Tahlequah, a female killer whale that in the summer of two years ago moved the world from the Pacific to the waters of Canada, with the muzzle his little puppy left lifeless, had a great news. That time it did not let him go, he did not accept his death.
This funeral ritual, which was already observed in several cetaceans, until the moment when it gave in letting it sink to the bottom. Two years after Tahlequah is a mother again: the researchers at Whale Research immortalized her alongside a new puppy on September 5th.
For the experts it is beautiful news, full of hope. J35 after mourning and a new very long gestation was again able to give birth and her cub appears healthy and swims vigorously next to the mother explain biologists and professionals who monitor the waters between the United States and Canada.
According to experts, the puppy named J57 was born on September after a gestation that began in February 2019.
Experts also said: "We hope that this time the story of J57 is successful. Unfortunately the cetaceans in recent years suffer from nutritional stress and many pregnancies fail and for the puppies there is a mortality of 40%."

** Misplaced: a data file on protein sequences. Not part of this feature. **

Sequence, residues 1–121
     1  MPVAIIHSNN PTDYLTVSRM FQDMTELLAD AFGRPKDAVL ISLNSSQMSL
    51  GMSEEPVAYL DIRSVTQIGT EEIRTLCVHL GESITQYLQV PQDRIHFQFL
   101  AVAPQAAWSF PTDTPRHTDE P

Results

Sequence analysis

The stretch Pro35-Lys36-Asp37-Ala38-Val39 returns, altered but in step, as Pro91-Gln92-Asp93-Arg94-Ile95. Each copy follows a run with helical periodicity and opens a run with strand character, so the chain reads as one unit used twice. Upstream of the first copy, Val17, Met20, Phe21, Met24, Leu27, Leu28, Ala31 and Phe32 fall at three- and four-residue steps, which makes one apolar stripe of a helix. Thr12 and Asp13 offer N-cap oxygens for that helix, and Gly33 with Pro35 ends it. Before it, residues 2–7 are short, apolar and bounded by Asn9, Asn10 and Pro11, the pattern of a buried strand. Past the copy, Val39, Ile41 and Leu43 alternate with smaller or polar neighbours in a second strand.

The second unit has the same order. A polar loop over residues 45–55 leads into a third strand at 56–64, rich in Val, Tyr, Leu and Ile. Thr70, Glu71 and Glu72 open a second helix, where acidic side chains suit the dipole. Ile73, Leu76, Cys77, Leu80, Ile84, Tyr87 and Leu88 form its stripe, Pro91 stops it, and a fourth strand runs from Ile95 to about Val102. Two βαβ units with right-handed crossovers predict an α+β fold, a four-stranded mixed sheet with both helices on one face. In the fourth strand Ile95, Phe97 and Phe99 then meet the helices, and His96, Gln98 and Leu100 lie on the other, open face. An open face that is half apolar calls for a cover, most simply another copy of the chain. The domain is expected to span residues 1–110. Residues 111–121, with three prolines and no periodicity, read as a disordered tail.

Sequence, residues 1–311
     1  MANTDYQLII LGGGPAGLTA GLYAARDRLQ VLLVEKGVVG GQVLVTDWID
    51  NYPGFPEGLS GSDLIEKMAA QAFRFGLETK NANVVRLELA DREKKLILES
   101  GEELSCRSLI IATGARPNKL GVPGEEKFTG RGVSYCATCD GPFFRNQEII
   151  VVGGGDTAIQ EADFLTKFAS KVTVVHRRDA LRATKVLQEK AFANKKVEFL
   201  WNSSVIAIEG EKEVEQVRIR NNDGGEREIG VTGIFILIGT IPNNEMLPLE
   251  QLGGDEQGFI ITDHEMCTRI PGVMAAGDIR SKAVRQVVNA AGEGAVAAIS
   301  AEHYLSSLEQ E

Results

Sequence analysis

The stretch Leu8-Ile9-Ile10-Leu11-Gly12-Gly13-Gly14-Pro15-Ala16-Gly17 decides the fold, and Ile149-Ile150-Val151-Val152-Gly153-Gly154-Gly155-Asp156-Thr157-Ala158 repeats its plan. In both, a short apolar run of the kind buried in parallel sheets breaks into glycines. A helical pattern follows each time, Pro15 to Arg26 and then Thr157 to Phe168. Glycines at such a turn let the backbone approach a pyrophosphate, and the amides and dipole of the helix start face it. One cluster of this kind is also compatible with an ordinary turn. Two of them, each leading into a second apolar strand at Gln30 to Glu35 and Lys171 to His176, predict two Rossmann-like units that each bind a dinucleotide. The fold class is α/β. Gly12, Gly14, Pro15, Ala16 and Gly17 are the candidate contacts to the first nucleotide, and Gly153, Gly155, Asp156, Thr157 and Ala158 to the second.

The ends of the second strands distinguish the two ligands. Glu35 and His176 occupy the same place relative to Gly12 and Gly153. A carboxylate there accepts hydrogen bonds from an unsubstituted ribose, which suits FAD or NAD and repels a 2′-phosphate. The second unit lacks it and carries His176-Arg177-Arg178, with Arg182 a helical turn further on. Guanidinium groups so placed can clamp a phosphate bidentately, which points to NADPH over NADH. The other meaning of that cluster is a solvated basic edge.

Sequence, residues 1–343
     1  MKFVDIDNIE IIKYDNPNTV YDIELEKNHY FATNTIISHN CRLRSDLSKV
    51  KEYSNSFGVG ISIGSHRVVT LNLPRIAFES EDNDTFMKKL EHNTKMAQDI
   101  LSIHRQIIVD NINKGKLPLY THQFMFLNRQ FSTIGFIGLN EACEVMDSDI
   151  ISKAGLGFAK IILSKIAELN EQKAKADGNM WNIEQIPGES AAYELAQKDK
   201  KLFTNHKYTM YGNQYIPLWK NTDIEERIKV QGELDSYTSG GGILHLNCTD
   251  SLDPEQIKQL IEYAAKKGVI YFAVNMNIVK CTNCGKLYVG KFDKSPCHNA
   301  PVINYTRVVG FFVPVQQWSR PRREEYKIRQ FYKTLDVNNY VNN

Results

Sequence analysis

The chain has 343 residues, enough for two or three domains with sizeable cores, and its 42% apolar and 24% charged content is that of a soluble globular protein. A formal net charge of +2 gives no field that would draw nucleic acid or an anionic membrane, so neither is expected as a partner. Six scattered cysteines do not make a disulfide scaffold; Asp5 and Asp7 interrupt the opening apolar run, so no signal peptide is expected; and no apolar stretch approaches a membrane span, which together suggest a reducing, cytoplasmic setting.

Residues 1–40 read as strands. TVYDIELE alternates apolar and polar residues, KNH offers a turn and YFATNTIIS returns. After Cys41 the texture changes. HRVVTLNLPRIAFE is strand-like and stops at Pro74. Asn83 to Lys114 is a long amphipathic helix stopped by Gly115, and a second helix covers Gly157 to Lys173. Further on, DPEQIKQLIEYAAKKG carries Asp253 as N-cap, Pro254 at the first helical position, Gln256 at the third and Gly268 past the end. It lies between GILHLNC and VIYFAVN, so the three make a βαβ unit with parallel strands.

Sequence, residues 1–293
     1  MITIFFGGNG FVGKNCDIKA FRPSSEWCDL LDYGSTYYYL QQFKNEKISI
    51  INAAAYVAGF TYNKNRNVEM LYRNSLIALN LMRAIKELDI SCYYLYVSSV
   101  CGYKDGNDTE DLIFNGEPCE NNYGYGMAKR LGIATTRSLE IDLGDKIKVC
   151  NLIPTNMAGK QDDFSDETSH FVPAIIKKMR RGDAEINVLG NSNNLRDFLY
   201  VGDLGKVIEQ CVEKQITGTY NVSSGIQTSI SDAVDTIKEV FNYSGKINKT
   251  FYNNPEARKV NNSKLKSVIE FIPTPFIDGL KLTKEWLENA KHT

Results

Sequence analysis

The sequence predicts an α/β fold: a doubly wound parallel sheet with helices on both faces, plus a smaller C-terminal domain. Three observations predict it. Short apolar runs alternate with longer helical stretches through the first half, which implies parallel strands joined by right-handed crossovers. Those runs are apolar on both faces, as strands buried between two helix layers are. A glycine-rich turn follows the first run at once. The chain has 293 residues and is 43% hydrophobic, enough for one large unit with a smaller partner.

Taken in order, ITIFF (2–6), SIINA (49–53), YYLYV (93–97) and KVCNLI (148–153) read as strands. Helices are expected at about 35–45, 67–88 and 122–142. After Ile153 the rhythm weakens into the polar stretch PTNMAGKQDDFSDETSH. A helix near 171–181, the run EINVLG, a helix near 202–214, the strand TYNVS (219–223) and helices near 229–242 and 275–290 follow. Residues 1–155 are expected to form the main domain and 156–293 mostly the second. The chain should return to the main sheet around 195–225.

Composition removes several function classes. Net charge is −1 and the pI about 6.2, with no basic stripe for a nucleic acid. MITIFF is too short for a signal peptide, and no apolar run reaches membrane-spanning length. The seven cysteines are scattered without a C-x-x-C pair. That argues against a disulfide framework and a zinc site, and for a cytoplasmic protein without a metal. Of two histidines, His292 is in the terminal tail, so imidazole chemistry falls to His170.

Between the waters of the US state of Washington and the Canadian British Columbia, biologists will continue to keep an eye on the large population of over seventy orcas surveyed in July. Meanwhile a great white shark kills a surfer on the Australian Gold Coast: an event in Australia that hadn't happened for sixty years, precisely since 1958.
Surfers found the body of Nick Slater, 46, a real estate agent, in shallow water, floating next to the his table. The man was immediately brought ashore for first aid, but died on the beach. The surfer was at Greenmount Beach in Coolangatta when the shark attacked him severely injuring him in the leg.
A witness revealed that Slater's upper leg, who was surfing near Snapper Rocks, was all slaughtered by the shark. The beach will reopen as soon as the white shark is away from the area Another surfer said, "The bite was about the same circumference as a basketball, and there was still a tooth stuck in the fiberglass."
Police have ordered the closure of an 18-kilometer section of beach to search for the white shark by helicopter. City Mayor Tom Tate said the beach will reopen as soon as authorities are certain the white shark is away from the area.
Slater is the sixth deadly shark attack in Australia this year, but most of it occurred along the country's east coast